The initial estimates for purchasing managers’ indices came out better than expected and provide hope that the euro-zone could avoid an outright recession.
The data joins other encouraging figures from the continent’s powerhouse: Germany. Could Europe enjoy some stability or will the debt crisis wash everything down the drain?
The flash data released by Markit shows that the euro-zone’s services sector returned to growth in January: the PMI surprised by topping the 50 point mark separating between contraction and expansion.
The manufacturing sector is still in contraction zone, but it also exceeded expectations and jumped from 46.9 to 48.7 points.
In Europe’s No. 2 economy, France, the diversion between the two sectors is wider: the services sector enjoyed a second month in growth zone (51.7 points) while manufacturing is lagging, with a drop to 48.5 points.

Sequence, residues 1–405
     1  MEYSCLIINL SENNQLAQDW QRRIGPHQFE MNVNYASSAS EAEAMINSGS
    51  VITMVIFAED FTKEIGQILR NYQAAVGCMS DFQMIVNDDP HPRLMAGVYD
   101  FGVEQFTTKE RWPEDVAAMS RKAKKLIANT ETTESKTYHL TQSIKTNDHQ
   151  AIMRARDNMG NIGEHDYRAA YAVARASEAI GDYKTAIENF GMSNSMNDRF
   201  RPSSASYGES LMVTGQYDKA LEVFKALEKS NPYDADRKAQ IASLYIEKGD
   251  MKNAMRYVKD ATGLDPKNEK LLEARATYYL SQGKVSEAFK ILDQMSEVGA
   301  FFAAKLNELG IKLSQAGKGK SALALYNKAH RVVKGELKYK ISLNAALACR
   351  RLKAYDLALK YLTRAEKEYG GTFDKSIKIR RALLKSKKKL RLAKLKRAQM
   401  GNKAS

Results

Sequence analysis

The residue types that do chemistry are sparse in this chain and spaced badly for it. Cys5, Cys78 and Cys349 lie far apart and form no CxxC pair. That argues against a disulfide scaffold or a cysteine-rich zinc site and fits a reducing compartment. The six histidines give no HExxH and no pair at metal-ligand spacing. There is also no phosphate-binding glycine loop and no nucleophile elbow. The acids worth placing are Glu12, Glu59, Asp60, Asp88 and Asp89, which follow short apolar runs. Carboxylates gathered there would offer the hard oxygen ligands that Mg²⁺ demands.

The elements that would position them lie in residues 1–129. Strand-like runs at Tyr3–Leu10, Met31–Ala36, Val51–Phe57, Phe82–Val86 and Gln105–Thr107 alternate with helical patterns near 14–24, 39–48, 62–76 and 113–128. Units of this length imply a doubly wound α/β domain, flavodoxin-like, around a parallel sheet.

Germany surprised and enjoys growth in both sectors. Manufacturing wasn’t expected to return to growth, but surprised and scored 50.9 points. The services sector also pushed forward, with healthy growth at 54.5 points, the fourth consecutive month of growth.
The locomotive of the euro-zone saw a positive turnaround in another indicator: the ZEW Economic Sentiment leaped from -53.8 to -21.6 points, far better than expected. Yes, this number is negative and still expresses pessimism.
But, it’s important to remember that this indicator is usually a lower-leaning one. Wednesday’s IFO figure, which is usually more positive, will shed more light on the state of the German economy.
The news of this better than expected economic activity can be easily overshadowed by the debt crisis. Greece is still wallowing in the mire, with a default looming.
It’s uncertain if Draghi’s huge LTRO operation managed to fully stabilize the system and prepare it for defaults.
EUR/USD is on high ground, trading between 1.30 and 1.3060, where it stood in the first days of the year.
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